Wednesday, November 27, 2013

Forget Me Not.

He felt like family.

We met on the second morning of a show I was on a few months ago. I was about to push the "up" button on our lift gate when he stopped me, taking the remote from my hands.

"Here, I'll do that," he said with a smile on his face.

I thanked him and we introduced ourselves; him being one of the drivers on our little show.

For the next several weeks, we got to know each other better, chatting when we both had some downtime. There was nothing romantic about it with him being a couple decades older than me and happily married, but we'd talk about this business and life and such while throwing in some witty and playful banter every now and then.

He quickly became one of my favorites and I was sad to see him go when the show finally ended. When we said goodbye and he gave me one last, heartwarming hug with a kiss on the cheek, he told me that while our crew was one of the best he's ever worked with (which is a high compliment coming from someone who's been doing this as long as he has), he'd miss me the most.

But the one good thing about this business is that you never have to really say goodbye. The industry's constant ebb and flow of new shows starting and old ones ending means that everyone's constantly shuffling around, so there's a damn good chance you'll run into the same people again somewhere down the line. Sometimes it's as soon as tomorrow, and sometimes it can be years down the line. But it takes the sting out of tearful goodbyes at the end of a show knowing there's the possibility you'll meet up again somewhere down the road.

I didn't have to wait years to see my favorite driver again. I ran into him a few months later when I got a one day call for a shoot. I stepped out of the pass van to see him parking a trailer for a different department.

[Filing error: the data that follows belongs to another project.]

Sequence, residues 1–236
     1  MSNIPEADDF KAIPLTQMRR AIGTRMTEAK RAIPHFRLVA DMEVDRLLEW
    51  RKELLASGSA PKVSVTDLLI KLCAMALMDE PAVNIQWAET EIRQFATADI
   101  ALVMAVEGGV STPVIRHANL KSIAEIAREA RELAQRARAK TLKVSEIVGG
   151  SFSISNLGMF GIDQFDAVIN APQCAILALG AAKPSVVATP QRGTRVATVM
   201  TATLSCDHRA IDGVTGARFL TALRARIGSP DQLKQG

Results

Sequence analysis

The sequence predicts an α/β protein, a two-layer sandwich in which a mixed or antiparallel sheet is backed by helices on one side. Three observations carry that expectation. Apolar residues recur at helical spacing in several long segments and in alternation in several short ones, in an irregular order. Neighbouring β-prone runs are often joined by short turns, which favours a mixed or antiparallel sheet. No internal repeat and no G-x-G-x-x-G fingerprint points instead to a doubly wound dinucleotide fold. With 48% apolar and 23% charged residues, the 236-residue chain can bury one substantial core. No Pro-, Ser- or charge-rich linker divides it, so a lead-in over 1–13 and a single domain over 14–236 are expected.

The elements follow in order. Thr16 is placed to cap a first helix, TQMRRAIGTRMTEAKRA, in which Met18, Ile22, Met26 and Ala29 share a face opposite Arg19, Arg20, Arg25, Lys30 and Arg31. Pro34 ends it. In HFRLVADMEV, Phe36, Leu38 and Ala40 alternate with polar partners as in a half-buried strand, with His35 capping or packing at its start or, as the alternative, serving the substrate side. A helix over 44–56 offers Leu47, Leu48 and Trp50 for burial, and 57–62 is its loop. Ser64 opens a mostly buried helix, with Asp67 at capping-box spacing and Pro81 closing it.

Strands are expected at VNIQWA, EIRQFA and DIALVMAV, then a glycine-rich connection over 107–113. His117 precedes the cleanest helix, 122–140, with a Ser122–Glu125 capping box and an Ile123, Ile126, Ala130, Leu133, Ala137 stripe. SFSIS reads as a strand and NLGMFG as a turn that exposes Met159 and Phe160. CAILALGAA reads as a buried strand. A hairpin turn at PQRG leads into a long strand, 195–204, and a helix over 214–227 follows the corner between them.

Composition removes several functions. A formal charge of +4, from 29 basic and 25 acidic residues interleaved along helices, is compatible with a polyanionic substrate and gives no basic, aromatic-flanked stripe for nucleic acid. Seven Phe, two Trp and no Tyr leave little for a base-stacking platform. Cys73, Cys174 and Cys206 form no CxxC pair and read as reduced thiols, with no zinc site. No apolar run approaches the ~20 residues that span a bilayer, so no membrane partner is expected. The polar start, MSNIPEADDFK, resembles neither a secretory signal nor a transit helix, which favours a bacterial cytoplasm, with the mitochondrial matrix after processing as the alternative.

A wide smile spread across my face as I walked up to him, my day suddenly brightening up exponentially. I stopped a few feet away from him, giving him a loud and enthusiastic "Hi!"

I expected to get a huge smile and a bear hug in return, as per our usual greeting, but instead what I got as a blank stare.

"Hi," he said, and resumed his attention back to his trailer.

"What? That's all I get?" I asked with the usual playfulness in my voice.

He squinted at me for a second, as if trying to place who I was. "You're an electrician, right? Didn't we do a show together earlier this year?"

I paused while still trying to keep the smile up on my face. "Yeah... I'm A.J."

"Oh, right. Good to see you. How've you been?"

I couldn't believe it. He had given me the standard, cordial greeting usually reserved for people you've either forgotten or barely know. Despite seeing each other every day for a month, he now didn't even remember as much as my name.

I finished up what has now become small talk and spent the rest of the day giving him a nod hello if I walked passed him.